Posted by: Democratic Thinker | February 16, 2012

Christopher Gadsden—February 16, 1724

 

General Christopher Gadsden.
February 16, 1724 – September 15, 1805.

I wish the charters may not ensnare us at last, by drawing different colonies to act differently in this great cause. Whenever that is the case, all will be over with the whole. There ought to be no New-England man, no New-Yorker, known on the Continent; but all of us Americans.

—————

Christopher Gadsden.

 
IN the borders of ancient Charles-Town
Where the Ashley River runs,
Round Christopher Gadsden gathered
Brave Carolina’s sons,
And under a massive live-oak shade,
Gray-bearded patriarch tree,
They pledged the word and girded the sword
For the cause of Liberty.
 
For tyranny’s hand was heavy;
The dullest soul was stirred,
And the voice of bold resistance
To foreign rule was heard.
‘Twas Massachusetts gave the call,
No stronger soul than she
Unto this day hath shaped the way
For a people’s destiny.
 
But no second to the summons
From the faint-hearted came,
And the smoke of doubt was smothering
Bright Freedom’s flickering flame;
The blaze that was kindled in Fanueil Hall
Was swiftly dying out
For want of a breath to keep it from death
In all the land about.
 
In that great crucial moment
Which tried the souls of men,
‘Twas the voice of Christopher Gadsden
That pronounced for Union then;
From the dim Southern distance rang
His voice in resonant tone,
“What to one doth befall, belongeth to all,
We are one people alone.”
 
Then from Hampshire hills to Georgia,
All the divided land,
Was moved by a mighty impulse
In fellowship to stand;
Yea, all the colonies in that day
With dauntless purpose rose
And gave their hands in brotherly bands
Against their country’s foes.
 
First in New England highways
The blood of the brave was shed,
But Southern wastes and hillsides
With the last drops were red.
For the issues of Concord and Bunker Hill
The Puritans left their toil,
But at the last the die was cast
And won on Southern soil.
 
Ye have heard how in Carolina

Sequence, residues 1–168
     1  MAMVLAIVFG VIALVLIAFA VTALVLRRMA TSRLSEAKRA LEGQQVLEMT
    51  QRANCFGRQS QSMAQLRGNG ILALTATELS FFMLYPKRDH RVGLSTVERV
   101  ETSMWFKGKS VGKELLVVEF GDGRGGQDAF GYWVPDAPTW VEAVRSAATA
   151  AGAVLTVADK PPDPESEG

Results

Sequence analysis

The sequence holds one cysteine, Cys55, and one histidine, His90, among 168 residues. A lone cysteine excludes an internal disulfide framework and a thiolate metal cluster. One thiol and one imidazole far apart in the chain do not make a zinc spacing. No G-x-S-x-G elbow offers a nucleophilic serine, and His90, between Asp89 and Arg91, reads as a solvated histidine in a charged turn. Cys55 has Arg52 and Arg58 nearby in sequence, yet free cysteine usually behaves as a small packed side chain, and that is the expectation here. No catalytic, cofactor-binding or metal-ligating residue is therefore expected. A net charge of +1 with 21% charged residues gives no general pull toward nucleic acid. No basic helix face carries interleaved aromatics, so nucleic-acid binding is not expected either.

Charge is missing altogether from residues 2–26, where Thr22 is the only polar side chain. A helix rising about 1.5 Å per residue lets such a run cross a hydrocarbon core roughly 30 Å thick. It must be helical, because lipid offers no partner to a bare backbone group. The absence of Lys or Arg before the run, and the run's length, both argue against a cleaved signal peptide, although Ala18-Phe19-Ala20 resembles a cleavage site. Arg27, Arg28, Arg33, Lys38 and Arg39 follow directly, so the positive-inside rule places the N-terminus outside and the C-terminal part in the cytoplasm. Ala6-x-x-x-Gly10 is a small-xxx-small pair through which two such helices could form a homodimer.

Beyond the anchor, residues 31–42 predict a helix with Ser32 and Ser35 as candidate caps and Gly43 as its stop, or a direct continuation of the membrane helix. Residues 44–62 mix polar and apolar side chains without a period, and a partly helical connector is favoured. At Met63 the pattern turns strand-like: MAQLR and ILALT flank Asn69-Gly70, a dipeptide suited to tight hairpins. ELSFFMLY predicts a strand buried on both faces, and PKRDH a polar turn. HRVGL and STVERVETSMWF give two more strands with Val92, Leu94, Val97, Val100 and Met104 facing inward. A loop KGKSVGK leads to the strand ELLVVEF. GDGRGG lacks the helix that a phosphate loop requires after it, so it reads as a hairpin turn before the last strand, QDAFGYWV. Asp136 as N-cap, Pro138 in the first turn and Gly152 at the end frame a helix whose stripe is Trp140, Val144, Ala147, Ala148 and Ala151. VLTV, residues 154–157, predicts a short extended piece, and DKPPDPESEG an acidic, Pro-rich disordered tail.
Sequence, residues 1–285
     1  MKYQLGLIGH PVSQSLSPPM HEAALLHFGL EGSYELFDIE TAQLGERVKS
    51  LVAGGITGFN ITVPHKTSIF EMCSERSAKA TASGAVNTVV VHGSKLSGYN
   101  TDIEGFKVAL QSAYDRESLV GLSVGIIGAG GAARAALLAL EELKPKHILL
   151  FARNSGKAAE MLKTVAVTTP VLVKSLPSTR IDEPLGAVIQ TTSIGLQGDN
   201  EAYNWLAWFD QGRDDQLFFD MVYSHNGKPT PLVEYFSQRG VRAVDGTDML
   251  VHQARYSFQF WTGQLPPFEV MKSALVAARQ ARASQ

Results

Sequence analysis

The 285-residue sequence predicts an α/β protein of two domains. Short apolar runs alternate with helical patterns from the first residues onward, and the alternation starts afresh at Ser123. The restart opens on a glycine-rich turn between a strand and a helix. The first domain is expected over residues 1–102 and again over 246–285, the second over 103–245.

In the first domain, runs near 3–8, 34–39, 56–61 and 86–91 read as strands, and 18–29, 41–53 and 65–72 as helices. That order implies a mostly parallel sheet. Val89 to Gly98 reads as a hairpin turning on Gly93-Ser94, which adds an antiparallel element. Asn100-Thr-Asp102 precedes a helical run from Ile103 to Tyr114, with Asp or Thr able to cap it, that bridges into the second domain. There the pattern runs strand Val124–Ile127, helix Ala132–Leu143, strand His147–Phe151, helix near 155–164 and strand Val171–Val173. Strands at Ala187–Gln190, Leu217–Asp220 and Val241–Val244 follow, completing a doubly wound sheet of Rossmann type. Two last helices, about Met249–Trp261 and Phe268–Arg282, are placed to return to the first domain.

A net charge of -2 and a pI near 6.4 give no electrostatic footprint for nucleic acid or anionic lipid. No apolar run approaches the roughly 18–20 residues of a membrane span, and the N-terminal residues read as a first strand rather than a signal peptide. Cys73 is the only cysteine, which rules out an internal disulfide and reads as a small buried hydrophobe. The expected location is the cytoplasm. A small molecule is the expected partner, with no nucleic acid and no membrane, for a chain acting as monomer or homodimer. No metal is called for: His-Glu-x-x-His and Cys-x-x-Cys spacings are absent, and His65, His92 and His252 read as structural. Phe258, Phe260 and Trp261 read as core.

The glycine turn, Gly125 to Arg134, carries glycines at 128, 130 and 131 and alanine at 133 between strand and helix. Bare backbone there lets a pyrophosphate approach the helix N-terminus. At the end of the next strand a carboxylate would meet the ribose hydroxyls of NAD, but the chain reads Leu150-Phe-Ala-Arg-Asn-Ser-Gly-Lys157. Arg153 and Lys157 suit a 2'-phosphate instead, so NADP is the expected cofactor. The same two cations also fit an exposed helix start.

The Patriot’s Cause seemed lost;
How ruthless through all her borders
Ravaged the Conquering host;
How with stern restriction and treacherous oath
The souls that had striven to be free
In bondage they held, and to earth they felled
And burned that old Liberty tree.
 
No tree on History’s pages
Hath better right, I wis,
No Charter Oak, nor Washington Elm
For lasting renown, than this;
But though its glories all were shorn
And its site may no man see,
With reverence here I witness bear
To the fame of that Old Oak tree.
 
Long lay the land in darkness,
Yet in mountain fastness and swamp,
Bold Partisans, true to their Country
Kept burning Liberty’s Lamp.
In shelterless famine these out-law bands
‘Mong morasses that skirt the Pedee
Kept the pledge that they made ‘neath the moss-hung shade
Of Gadsden’s Liberty tree.
 
Let the wrongs of the time be forgotten,
The hatred that oft did divide
As Tory and Whig, close kinsmen
Who should have fought side by side;
But we’ll lift our banners on each July
For all the ages to see,
While oration and bell triumphantly tell
Of the conflict that made us free.
 
And second to none in glory
Christopher Gadsden’s name
Upon the patriot roll-call
Boasteth enduring fame—
Large-souled, unwavering, faultless, bold,
Lover of Country he,
Who spied afar the glorious star
Of Western liberty.
 
Still echoing down the ages
His voice in accent strong
Reminds us if grown faint-hearted
To unite against error and wrong,
To acknowledge now no East and no West,
No North and no South to see,
No Dixie—nay—nor New England to-day,
For Americans all are we.

—Mary Hall Leonard.


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Responses

  1. I agree, there should be No African Americans, No Mexican Americans, No Irish Americans, No Italian Americans, Only American Citizens! We are or should all be Americans, Brothers and sisters no divided race, religion, or national cultural.


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